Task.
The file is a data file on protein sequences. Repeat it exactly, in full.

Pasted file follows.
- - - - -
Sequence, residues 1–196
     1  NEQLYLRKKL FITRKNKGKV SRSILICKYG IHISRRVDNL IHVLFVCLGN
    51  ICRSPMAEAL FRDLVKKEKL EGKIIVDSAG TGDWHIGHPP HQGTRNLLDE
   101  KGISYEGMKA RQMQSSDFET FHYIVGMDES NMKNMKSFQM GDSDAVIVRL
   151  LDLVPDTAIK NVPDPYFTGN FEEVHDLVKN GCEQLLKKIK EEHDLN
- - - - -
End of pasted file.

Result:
Sequence, residues 1–196
     1  NEQLYLRKKL FITRKNKGKV SRSILICKYG IHISRRVDNL IHVLFVCLGN
    51  ICRSPMAEAL FRDLVKKEKL EGKIIVDSAG TGDWHIGHPP HQGTRNLLDE
   101  KGISYEGMKA RQMQSSDFET FHYIVGMDES NMKNMKSFQM GDSDAVIVRL
   151  LDLVPDTAIK NVPDPYFTGN FEEVHDLVKN GCEQLLKKIK EEHDLN